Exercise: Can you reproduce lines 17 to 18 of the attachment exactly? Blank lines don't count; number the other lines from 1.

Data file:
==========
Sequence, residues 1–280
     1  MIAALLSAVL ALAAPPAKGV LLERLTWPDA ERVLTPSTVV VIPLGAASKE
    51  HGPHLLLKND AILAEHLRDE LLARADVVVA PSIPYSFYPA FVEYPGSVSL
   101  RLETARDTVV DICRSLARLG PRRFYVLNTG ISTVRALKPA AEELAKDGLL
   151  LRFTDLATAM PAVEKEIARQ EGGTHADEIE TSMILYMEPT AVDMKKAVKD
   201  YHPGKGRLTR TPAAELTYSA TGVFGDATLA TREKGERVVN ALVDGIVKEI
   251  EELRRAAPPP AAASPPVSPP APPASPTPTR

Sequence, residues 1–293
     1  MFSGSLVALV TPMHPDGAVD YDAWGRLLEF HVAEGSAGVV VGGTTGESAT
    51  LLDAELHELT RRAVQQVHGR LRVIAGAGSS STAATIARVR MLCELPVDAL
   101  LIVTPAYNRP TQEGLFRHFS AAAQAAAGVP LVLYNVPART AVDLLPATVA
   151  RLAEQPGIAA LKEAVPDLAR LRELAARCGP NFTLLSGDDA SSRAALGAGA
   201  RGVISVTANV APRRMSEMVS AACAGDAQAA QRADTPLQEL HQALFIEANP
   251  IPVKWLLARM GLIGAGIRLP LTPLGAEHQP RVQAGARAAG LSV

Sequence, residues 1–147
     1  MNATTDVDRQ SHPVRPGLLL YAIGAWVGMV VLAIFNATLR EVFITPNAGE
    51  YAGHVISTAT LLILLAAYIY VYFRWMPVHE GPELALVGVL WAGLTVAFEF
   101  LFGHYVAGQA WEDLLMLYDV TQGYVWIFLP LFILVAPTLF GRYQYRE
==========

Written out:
    51  YAGHVISTAT LLILLAAYIY VYFRWMPVHE GPELALVGVL WAGLTVAFEF
   101  LFGHYVAGQA WEDLLMLYDV TQGYVWIFLP LFILVAPTLF GRYQYRE